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Aquatic Mac

California vs. Kazaa

Can a California Court Have Jurisdiction over an Australian Software Company?

Andrew W. Hill

I'm sure by now everybody has noticed that the state of California has declared Australia part of their jurisdiction (see I Still Call Australia Home). For those who missed it, the Australia-based publisher of Kazaa, an Internet file-sharing program, is being sued in California. They appealed to the California courts on the basis that Australia was not part of California the last time they checked - but were denied.

The state of California's stance on the issue is that since the software is downloaded and used by people in California, the publishers are subject to California law.

I seem to recall an incident a while back when Google was blocked in China. There was a huge hullabaloo, with everyone screaming bloody murder. Eventually, China allowed Google to make a second version for China's use. China's position was that there was some material on the Internet that was illegal in China. China has no law upholding free speech, and it was ruled that any site linking to objectionable material was potentially illegal as well. As such, they blocked all such sites. That's all.

They didn't send a letter to Google demanding they show up in a Chinese court for a potentially capital offense.

Let's go out on a limb here and say that I go to Amsterdam. From what I understand, I'm legally allowed to purchase material involving naked girls as young as fourteen years of age, as long as they are not involved in any lascivious actions. Suppose I bring them back to the USA. They stop me at customs and find the magazines. Which of these happens:

I fail to see the difference between this and the Kazaa case.

I'm sure many people would argue that I am physically bringing child pornography into the country, instead of having the company mailing it to me in the USA. My take here is that Kazaa is not "sent" to users in the USA any more than the magazine was sent to the individual.

The user of Kazaa has sent their electronic identity to Australia and downloaded some software. The software itself is not illegal. In fact, Microsoft has embraced it as a convenient way to distribute Windows Media files. The question is whether Kazaa can be held liable because some users choose to use their software to illegally swap files.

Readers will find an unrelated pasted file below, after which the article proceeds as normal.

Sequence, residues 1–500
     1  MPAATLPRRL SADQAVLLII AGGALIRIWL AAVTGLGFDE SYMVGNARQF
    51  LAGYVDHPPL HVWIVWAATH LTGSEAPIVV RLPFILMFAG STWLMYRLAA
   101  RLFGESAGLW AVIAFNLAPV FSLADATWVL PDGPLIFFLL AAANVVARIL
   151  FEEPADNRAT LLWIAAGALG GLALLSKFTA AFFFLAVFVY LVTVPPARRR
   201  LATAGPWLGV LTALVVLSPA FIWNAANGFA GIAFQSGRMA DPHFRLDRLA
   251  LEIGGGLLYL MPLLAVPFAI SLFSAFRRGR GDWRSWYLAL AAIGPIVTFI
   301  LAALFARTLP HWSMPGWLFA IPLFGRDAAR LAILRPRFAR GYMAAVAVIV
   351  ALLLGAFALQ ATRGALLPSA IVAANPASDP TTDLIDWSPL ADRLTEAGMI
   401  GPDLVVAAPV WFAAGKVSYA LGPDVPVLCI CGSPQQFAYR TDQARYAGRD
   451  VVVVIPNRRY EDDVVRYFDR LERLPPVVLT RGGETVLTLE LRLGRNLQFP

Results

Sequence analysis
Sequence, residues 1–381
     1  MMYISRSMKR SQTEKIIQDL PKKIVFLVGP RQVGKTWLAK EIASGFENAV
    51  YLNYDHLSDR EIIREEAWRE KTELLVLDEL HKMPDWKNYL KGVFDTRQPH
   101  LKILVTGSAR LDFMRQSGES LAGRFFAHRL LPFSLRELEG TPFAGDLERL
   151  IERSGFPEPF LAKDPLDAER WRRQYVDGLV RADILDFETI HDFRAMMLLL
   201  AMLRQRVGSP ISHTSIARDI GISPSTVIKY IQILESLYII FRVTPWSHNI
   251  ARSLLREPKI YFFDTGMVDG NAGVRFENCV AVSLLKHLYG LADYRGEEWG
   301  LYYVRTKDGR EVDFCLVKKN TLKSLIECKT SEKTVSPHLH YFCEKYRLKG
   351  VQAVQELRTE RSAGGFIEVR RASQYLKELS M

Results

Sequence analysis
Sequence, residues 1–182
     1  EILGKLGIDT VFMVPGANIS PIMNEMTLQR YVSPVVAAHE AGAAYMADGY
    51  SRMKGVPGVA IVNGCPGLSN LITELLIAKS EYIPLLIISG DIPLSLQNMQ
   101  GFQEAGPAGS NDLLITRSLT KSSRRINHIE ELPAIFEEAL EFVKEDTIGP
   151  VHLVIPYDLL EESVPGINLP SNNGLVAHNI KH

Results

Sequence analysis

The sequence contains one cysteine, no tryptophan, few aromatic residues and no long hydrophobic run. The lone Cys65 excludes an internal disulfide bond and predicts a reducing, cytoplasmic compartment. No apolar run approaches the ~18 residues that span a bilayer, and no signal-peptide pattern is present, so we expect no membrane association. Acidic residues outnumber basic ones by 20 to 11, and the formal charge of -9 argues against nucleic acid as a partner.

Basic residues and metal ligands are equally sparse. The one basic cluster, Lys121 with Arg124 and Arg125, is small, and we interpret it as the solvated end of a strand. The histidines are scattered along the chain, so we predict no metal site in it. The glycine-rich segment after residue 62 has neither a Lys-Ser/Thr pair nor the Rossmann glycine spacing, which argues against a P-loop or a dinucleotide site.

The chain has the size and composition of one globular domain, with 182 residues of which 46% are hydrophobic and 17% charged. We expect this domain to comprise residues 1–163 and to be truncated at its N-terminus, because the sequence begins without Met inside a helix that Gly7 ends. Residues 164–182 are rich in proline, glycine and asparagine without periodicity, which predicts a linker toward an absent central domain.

I'm certain that if some country other than the USA tried to enforce their laws upon other sovereign nations there would be an uproar. I'm sure this wonderful country would not tolerate somebody other than its own government impinging on its civil rights.

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Andrew W. Hill (a.k.a. Aqua) has been using Macintosh computers since 1987 and maintains that the Mac SE is the perfect Macintosh, superior to all - including the Color Classic. He is on the verge of being evicted from the family home due to its infestation of Macs (last count: about 50). Andrew is attempting to pay his way through college at UC Santa Cruz with freelance Web design and Mac tech support.

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Aquatic Mac begun December 28, 2001. All Tech Reflections articles ©2001-2003 by Andrew W. Hill. Low End Mac is an independent publication and has not been authorized, sponsored, or otherwise approved by Apple Inc. Opinions expressed are those of their authors and may not reflect the opinion of Cobweb Publishing. Advice is presented in good faith, but what works for one may not work for all.
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